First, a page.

Facebook, Twitter take heat over Hunter Biden story during hearing; Dorsey admits 'this action was wrong'
Senate Judiciary Committee holds hearing on Big Tech censorship
Twitter CEO Jack Dorsey and Facebook CEO Mark Zuckerberg are testifying before the Senate Judiciary Committee Tuesday morning, and right from the beginning of the hearing they faced pressure over the censorship of a New York Post story about Hunter Biden.
Twitter blocked the sharing of an article about a laptop and emails said to belong to Hunter Biden, then-candidate Joe Biden's son, and Facebook had limited the distribution of the article, but did not block it entirely. Republican lawmakers sought to strip the social media companies of legal protection they enjoy because they are not considered publishers under the law.
"That to me seems like you’re the ultimate editor," committee chairman Sen. Lindsey Graham, R-S.C., said during his opening statement. "The editorial decision by the New York Post to run the story was overridden by Twitter and Facebook in different fashions to prevent its dissemination. Now if that's not making an editorial decision I don't know what would be."
Dorsey addressed the controversy in his opening remarks, explaining as he had during a previous hearing that the Post story was blocked pursuant to a 2018 policy against spreading hacked materials.
"We made a quick interpretation using no other evidence that the materials in the article were obtained through hacking, and according to our policy, we blocked them from being spread," Dorsey testified. "Upon further consideration, we admitted this action was wrong and corrected it within 24 hours."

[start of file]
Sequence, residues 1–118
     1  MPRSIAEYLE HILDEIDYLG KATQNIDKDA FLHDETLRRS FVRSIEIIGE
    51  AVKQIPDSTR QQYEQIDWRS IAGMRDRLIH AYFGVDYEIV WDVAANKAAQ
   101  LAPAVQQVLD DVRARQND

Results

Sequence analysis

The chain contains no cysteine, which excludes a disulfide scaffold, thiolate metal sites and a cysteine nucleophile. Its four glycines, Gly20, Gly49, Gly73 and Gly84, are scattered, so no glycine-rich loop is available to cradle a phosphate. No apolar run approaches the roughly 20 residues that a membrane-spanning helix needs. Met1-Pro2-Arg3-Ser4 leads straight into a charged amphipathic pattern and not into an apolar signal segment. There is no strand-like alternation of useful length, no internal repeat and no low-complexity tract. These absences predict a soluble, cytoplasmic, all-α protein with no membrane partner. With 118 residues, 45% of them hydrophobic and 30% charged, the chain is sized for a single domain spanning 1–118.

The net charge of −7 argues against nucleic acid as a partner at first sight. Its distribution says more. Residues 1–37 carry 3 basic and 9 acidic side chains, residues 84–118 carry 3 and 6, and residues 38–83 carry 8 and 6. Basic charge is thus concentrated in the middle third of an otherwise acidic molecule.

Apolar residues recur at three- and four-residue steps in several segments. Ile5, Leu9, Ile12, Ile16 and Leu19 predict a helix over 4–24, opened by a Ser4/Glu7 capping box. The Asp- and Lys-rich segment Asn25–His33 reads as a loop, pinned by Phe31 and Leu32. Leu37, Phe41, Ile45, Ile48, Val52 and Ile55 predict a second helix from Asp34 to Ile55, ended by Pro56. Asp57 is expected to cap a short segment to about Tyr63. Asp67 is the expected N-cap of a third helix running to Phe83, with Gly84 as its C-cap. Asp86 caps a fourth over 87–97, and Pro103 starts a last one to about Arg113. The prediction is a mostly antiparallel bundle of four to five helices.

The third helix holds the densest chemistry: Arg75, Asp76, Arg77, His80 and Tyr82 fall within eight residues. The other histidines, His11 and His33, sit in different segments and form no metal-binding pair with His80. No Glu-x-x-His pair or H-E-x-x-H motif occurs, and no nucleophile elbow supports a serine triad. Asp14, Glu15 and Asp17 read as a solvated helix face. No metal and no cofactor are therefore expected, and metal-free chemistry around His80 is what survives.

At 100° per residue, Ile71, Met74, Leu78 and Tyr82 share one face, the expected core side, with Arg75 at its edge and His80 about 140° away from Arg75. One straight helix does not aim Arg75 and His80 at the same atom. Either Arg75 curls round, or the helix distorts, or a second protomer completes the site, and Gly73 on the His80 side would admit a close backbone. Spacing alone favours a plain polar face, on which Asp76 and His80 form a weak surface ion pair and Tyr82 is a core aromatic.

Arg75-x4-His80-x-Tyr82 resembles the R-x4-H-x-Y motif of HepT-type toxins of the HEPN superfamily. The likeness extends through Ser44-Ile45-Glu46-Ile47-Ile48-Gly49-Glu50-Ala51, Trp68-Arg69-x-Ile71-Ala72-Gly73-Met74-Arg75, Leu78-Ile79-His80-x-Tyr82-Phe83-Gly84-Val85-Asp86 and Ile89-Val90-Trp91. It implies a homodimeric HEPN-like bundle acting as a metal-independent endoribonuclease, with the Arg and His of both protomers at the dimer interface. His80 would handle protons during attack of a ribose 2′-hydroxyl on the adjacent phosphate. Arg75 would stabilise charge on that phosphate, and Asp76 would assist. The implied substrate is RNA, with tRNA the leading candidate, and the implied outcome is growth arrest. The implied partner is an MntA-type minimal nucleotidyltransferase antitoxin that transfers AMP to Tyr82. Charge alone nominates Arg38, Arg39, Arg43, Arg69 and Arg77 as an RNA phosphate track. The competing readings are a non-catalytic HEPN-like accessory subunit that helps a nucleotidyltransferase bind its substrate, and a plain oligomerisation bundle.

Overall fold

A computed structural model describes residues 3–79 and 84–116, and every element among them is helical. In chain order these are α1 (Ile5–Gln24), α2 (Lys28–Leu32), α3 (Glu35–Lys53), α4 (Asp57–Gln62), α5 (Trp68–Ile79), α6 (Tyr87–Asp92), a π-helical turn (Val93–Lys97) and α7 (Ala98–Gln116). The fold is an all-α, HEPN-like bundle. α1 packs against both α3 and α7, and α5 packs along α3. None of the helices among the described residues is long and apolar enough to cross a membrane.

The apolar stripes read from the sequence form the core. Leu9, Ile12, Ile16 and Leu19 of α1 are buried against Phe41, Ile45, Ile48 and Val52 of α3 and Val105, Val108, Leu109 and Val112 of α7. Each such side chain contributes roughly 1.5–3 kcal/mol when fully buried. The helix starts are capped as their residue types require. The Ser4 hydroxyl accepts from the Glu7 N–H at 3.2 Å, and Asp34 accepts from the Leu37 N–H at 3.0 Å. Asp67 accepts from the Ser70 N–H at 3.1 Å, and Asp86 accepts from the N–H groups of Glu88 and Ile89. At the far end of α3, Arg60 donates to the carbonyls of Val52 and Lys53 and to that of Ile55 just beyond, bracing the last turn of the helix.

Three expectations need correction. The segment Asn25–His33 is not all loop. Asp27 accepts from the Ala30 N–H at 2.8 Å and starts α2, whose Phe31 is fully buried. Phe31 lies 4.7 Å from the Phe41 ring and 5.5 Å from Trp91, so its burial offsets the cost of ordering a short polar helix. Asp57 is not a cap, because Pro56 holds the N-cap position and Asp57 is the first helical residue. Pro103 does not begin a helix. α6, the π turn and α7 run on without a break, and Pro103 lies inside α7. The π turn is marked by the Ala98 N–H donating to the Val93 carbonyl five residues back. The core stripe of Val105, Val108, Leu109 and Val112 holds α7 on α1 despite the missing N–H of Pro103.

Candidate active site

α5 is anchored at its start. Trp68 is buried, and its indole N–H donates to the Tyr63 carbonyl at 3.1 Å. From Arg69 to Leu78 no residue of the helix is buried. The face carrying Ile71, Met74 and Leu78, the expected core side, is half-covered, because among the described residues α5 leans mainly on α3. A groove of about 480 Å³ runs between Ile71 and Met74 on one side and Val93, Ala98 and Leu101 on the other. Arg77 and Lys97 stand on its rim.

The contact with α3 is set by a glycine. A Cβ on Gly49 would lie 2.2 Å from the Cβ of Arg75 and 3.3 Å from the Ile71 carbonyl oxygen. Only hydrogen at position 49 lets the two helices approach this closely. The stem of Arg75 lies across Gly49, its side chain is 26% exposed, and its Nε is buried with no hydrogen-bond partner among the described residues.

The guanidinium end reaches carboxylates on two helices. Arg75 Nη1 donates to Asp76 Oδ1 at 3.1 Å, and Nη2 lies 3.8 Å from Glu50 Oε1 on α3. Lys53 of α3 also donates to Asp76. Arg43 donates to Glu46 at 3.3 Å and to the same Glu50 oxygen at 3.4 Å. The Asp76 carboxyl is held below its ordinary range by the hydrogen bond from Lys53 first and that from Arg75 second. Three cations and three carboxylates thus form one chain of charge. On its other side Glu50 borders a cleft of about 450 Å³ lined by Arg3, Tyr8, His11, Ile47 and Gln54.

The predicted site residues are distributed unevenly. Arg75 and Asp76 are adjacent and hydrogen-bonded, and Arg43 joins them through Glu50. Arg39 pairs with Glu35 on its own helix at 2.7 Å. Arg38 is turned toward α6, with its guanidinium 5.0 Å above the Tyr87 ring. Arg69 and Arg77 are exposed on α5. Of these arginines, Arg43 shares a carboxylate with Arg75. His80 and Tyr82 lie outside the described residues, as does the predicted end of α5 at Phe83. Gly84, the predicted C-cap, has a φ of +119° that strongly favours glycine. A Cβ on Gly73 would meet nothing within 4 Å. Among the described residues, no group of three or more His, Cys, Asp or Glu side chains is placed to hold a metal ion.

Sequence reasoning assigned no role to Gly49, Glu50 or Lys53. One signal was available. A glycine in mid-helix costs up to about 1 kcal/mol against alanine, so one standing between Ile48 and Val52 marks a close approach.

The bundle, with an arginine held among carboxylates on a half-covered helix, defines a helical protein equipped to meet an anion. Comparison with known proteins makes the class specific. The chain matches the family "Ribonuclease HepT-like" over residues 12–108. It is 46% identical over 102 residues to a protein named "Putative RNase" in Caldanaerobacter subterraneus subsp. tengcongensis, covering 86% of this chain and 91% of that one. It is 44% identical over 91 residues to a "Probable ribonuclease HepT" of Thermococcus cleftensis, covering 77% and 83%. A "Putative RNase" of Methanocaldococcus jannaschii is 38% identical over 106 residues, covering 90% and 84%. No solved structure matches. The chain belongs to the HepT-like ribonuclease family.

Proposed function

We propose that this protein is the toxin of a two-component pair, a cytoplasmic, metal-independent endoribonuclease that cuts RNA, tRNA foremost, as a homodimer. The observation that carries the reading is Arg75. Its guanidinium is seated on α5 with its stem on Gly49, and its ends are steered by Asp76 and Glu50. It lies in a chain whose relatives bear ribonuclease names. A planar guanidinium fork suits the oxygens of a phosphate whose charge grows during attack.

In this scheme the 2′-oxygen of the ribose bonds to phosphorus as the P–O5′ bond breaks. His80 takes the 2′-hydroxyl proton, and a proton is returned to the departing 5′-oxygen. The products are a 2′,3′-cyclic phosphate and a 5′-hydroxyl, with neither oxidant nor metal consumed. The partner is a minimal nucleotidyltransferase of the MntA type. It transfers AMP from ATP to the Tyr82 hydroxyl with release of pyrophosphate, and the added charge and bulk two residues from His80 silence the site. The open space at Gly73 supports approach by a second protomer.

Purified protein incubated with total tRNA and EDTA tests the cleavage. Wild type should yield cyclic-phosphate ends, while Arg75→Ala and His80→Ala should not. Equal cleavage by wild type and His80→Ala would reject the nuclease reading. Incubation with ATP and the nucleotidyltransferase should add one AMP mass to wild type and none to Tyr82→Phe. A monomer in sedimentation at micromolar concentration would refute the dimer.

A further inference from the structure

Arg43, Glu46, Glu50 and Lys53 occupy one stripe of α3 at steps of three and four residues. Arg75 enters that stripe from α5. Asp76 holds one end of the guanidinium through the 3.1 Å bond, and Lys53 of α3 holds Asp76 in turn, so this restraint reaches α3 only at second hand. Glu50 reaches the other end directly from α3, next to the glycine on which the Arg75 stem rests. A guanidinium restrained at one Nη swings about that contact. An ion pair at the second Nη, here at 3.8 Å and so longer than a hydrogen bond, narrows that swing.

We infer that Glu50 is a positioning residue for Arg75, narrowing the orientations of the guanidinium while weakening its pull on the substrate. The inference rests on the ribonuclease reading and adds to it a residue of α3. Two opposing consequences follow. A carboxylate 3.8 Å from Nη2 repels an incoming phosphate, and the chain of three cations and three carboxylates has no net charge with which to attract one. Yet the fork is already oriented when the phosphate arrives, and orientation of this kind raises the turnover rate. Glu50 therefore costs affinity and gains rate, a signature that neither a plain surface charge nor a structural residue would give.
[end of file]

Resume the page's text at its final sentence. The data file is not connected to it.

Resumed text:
Dorsey went on to say that Twitter told the Post how they could unlock their account by deleting their tweet with the article, and that they would be able to then tweet it again. The Post instead pushed for Twitter to reverse their decision to block them in the first place. Dorsey said at the time they did not have a process for doing this.
“This incident demonstrated that we needed one and so we created one we believe is fair and appropriate," he said.
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Dorsey then recognized lawmakers' concerns regarding the protection social media companies have under Section 230 of the Communications Decency Act. Section 230 says that companies such as Facebook and Twitter cannot be held liable for statements posted by users because the companies themselves are not the ones creating or editing the content as a newspaper would. Some lawmakers, however, believe that by blocking certain content like the Post story they are indeed making editorial decisions.
Dorsey proposed three potential ways forward, which include an expansion of Section 230, new legislation from Congress, and a commitment by Twitter and other companies to engage in self-regulation.
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